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Ballgame Ritual: Authority and its Transformation during Late Classic Collapse

Author(s): Marcie Venter ; Lourdes Budar ; Philip J. Arnold III

Year: 2016

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Summary

One of the characteristic features of the Classic Veracruz style complex is ballgame imagery on ballcourt panels, molded ceramic vessels, paraphernalia such as yokes, hachas and palmas, not to mention the presence of courts, markers, and stelae or other monuments. Various components of the Classic Veracruz style have been documented throughout the Gulf lowlands and adjoining regions of Mesoamerica. Few examples, however, derive from stratigraphic excavations of in situ deposits. In this presentation, we document the discovery, excavation, and preliminary interpretations of a monument-yoke-offering complex at the site of Matacanela, located in the south-central Tuxtla Mountains. We also present convincing evidence for associated decapitation ritual. We conclude by assessing these new data and offering suggestions regarding the transitioning of authority at the center. We situate the Matacanela complex within the larger region and demographic, political, and economic transformations that occurred at the end of the Classic period.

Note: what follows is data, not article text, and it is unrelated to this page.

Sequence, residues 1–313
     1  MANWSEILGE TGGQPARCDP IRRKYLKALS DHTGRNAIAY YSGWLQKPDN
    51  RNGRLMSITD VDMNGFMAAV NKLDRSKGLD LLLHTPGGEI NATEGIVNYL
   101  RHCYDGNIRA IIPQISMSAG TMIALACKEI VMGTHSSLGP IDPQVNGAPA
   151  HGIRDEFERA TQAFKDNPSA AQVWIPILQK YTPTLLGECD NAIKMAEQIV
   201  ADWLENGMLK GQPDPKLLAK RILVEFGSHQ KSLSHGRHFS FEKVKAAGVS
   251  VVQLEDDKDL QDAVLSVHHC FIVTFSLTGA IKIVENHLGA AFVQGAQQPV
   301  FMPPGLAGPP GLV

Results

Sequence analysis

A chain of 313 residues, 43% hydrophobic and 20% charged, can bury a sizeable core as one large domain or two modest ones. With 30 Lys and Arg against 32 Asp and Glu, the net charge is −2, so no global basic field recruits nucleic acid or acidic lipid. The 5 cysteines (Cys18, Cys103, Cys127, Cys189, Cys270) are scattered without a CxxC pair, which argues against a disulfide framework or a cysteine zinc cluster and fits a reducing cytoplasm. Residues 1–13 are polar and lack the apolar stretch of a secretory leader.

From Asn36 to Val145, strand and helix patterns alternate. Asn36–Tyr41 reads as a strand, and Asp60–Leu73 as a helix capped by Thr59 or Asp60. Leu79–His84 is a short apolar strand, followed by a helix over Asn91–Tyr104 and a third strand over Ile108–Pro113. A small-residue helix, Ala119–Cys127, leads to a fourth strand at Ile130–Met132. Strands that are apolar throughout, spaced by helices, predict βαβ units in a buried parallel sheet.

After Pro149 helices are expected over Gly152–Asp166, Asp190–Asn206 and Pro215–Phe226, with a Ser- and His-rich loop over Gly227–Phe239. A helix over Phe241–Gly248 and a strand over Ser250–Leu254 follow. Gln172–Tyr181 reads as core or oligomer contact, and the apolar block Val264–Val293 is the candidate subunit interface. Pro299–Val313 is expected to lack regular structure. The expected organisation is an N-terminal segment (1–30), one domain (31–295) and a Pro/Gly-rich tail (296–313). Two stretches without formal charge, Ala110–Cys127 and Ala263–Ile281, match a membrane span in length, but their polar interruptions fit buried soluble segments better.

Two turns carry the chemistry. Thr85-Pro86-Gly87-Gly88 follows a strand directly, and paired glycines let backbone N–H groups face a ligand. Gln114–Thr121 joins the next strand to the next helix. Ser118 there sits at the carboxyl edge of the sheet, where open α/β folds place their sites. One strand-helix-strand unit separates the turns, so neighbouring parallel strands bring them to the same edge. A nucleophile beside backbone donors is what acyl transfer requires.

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Cite this Record

Ballgame Ritual: Authority and its Transformation during Late Classic Collapse. Marcie Venter, Lourdes Budar, Philip J. Arnold III. Presented at The 81st Annual Meeting of the Society for American Archaeology, Orlando, Florida. 2016 ( tDAR id: 404111)


Keywords

Geographic Keywords
Mesoamerica


Spatial Coverage

min long: -107.271; min lat: 12.383 ; max long: -86.353; max lat: 23.08 ;

Arizona State University The Andrew W. Mellon Foundation National Science Foundation National Endowment for the Humanities Society for American Archaeology Archaeological Institute of America